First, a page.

EDITORIAL

Don’t Be Seduced by the Sequester

BY WILLIAM KRISTOL

An aircraft carrier

It’s understandable that Republicans are tempted by the prospect of allowing the “sequester”—the automatic cut to defense and domestic discretionary spending agreed to as an enforcement mechanism for the 2011 debt ceiling deal—to go into effect on March 1. It’s understandable because Republicans are in favor of cutting domestic spending. It’s understandable because Republicans are desperate to secure what they think could be a political victory over Barack Obama and Harry Reid. It’s understandable because going to the trouble of fixing the sequester would be difficult, and the effort to do so will create strains within the Republican conference.

But what’s understandable isn’t always responsible. Allowing the sequester to go into effect would be deeply irresponsible.

It’s true that the sequester will cut domestic discretionary spending. On the other hand, it will do so ham-handedly, with no reforms to ...

John Brennan

Brennan’s Evasions

BY STEPHEN F. HAYES

John Brennan is no Chuck Hagel. That much was clear from the confirmation hearings on Brennan’s nomination to head the CIA. Unlike Hagel, who stumbled and mumbled through his performance, Brennan demonstrated a deep knowledge of his brief and answered (or gamely parried) tough questions with ...

A drone launches.

Drone On

BY GARY SCHMITT

During World War II, a small number of German Americans fought for Nazi Germany as members of the Waffen-SS. Does anyone think the U.S. military would have given a second thought to whether it might kill those traitors—whether they were found on the battlefield, in a ...

Senator Menendez (D-NJ)

Culture of Corruption

BY MATTHEW CONTINETTI

Caribbean-based company ICSSI had seen its lucrative contract to X-ray the cargo entering the Dominican Republic languish for years when, in 2011, it began searching for an investor with political pull. Perhaps someone with the right connections would be able to pressure the Dominicans into ...

ARTICLES

The Complete Package

Ronald Reagan, the great narrator.

BY FRED BARNES

Ronald Reagan and Nancy Reagan

In February 1981, President Reagan was searching for ways to win support for spending cuts. He’d been president less than a month. The national debt was closing in on $1 trillion and Reagan wanted the public to grasp the danger of owing that much money​—​and thus the need to slash government spending.

Reagan had come upon a tantalizing nugget of information: A stack of $1,000 bills totaling $1 trillion would be 80 miles high. But when he informed his speechwriters of this, they were skeptical. They checked with the U.S. Mint. By extrapolating from measurements of $1,000 bills, ...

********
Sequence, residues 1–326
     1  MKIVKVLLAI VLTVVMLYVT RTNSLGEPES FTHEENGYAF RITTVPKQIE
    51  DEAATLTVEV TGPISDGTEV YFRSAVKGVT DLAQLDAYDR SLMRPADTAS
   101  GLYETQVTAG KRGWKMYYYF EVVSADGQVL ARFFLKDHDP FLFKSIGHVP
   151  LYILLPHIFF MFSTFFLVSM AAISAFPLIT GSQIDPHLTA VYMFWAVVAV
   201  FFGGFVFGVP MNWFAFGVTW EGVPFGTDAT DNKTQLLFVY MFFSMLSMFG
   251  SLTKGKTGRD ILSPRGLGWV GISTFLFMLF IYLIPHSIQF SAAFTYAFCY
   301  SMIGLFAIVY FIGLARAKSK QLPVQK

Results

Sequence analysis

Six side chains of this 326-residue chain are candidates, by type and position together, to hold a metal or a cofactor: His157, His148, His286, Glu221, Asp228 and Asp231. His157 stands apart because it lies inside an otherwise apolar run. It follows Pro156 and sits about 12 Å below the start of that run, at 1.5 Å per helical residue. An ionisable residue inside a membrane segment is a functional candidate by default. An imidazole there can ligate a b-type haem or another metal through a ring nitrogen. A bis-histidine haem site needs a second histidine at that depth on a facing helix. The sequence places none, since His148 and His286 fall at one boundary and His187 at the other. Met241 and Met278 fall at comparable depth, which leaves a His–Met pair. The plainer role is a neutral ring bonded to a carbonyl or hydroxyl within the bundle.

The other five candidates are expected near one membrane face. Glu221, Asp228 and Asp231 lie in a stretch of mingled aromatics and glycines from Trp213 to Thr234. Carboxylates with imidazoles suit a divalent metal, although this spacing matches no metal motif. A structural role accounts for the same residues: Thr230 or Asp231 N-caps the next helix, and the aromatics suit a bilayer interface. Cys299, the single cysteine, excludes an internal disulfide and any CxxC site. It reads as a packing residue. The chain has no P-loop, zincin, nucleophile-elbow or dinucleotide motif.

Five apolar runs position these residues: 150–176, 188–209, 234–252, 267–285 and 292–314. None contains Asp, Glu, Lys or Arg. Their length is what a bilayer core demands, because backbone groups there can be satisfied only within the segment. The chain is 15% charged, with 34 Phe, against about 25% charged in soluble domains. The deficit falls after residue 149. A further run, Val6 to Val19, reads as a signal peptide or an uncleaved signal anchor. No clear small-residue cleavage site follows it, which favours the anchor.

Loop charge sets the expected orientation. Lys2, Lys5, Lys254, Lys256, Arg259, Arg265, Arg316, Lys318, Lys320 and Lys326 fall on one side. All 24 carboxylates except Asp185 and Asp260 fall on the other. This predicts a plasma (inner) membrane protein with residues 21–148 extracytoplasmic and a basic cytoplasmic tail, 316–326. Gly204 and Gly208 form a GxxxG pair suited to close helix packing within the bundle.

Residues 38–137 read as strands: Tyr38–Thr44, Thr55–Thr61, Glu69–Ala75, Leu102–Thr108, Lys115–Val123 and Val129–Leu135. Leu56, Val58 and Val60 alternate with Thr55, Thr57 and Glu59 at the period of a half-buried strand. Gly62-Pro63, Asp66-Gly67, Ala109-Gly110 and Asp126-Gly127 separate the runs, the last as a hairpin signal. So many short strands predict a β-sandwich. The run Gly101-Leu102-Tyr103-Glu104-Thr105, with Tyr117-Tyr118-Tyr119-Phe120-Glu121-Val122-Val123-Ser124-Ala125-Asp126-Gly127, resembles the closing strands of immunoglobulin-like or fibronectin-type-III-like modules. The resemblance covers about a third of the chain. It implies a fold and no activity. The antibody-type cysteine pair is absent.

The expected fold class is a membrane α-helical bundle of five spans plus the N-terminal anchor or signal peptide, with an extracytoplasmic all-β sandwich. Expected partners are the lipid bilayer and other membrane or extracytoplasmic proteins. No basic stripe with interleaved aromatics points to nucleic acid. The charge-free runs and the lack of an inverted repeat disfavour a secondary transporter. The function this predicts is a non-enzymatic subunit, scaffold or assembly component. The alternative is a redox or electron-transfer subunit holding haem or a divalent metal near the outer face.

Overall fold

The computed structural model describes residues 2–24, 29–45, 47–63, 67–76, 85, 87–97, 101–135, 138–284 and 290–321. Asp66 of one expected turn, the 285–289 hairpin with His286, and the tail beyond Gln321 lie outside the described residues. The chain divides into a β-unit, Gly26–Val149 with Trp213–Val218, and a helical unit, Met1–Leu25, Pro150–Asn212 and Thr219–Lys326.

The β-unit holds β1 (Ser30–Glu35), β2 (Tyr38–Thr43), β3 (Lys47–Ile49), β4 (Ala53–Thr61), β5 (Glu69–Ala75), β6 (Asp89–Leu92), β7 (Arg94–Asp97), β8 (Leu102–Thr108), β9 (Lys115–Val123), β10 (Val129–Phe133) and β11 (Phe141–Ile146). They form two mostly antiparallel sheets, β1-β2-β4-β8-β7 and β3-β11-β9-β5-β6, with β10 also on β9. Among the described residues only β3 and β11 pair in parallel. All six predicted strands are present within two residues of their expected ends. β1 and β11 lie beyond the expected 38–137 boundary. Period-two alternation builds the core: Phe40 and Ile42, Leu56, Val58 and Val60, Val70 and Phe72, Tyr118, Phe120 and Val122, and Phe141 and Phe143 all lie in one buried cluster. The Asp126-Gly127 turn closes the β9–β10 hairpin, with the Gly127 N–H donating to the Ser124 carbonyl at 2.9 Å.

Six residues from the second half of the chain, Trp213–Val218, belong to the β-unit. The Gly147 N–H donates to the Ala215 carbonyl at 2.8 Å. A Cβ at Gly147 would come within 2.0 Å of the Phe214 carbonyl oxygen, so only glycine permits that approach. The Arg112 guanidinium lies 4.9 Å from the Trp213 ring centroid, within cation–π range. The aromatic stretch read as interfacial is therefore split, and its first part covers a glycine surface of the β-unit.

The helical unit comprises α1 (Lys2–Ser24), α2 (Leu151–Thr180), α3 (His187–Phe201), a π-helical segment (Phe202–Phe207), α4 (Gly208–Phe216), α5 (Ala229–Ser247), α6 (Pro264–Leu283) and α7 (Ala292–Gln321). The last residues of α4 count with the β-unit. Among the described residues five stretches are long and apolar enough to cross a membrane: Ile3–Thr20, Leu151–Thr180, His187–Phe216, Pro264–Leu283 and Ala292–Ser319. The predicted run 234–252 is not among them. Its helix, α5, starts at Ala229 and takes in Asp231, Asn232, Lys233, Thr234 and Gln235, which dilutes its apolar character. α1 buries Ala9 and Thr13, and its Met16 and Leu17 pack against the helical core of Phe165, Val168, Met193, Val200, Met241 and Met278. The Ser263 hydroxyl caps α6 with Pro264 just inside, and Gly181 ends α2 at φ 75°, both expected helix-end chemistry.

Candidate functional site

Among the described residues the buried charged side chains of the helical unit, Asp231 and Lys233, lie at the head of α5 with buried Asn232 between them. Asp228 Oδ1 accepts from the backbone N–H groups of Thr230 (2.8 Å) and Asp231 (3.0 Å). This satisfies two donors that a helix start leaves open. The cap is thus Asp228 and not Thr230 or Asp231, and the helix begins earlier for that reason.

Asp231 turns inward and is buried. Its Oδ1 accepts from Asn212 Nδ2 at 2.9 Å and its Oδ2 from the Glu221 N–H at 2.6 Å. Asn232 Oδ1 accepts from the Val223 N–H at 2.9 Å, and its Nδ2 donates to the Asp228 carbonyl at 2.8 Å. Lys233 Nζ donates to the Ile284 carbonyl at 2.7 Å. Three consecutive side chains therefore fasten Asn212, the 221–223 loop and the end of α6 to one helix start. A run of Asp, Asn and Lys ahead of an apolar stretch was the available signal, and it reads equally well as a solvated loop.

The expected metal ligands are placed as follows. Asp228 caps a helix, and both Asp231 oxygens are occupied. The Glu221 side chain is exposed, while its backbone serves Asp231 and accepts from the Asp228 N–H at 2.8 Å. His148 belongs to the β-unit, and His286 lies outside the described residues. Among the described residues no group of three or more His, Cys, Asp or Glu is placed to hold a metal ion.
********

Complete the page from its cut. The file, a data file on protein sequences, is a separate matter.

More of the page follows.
John Brennan

The Unchanging CIA

Technology and spies go well together.

BY REUEL MARC GERECHT

John Brennan’s nomination to be the next director of the Central Intelligence Agency has sparked another debate about Langley’s priorities and deficiencies. Brennan, the king of drones at his counterterrorist perch in the White House, could ...

President Barack Obama

Not a Real Olive Branch

Obama’s phony compromise on contraception.

BY WESLEY J. SMITH

The Obama administration pulled another fast one last week, announcing its much-anticipated “compromise” on the free-birth-control rule as it affects religious employers opposed to contraception. There was hope in some quarters that the administration would back off its narrow religious ...

Obama's supporters

A Temporary Majority

The problem Democrats can’t solve.

BY JAY COST

A tradition after each national election, presidential or midterm, is for the pundit class to pontificate on whether and how the results point to a realignment. This exercise dates back at least to the publication of The Emerging Republican Majority by Kevin ...

This governing thing—it’s harder than we thought, sir.

Egypt Against Itself

A society on the edge of chaos.

BY LEE SMITH

This week marks the second anniversary of the fall of Egyptian president Hosni Mubarak. Two years after the refrain “the people want to topple the regime” filled Tahrir Square, it is now Egypt itself that is toppling. Street violence has pitted various groups against each other—anarchists ...

FEATURES

We, the Grand Jury

An education in American citizenship

BY CLAUDIA ANDERSON

Anderson Jury

The Fifth Amendment to the Constitution gave its name to the protection against self-incrimination, and it also contains three other famous (and these days somewhat battered) guarantees​—​against double jeopardy; against deprivation of life, liberty, or property without due process of law; and of just compensation when private property is taken for public use. But before any of these, in pride of place in the very first words of the amendment, comes perhaps the least thought-of protection in the whole Bill of Rights: the assurance that no one will be “held to answer” for a serious crime unless indicted by a grand jury.

I recently finished serving on a homicide and major-crimes grand jury in Washington, D.C. It met every day for five weeks. Since grand jury proceedings are secret, I am not free to report with any specificity on the most memorable parts of the experience​—​the dynamics among ...

Neighbors-to-be? Hamas rally, left, and Fatah, right.

Better Late than Never?

Obama’s trip to Jerusalem and the ‘peace process’

BY ELLIOTT ABRAMS

President Obama will make his first presidential visit to Israel in March, and Secretary of State Kerry will make his own trip even sooner. The White House is trying to dampen the inevitable speculation about a possible breakthrough to peace negotiations, and its spokesman has said the ...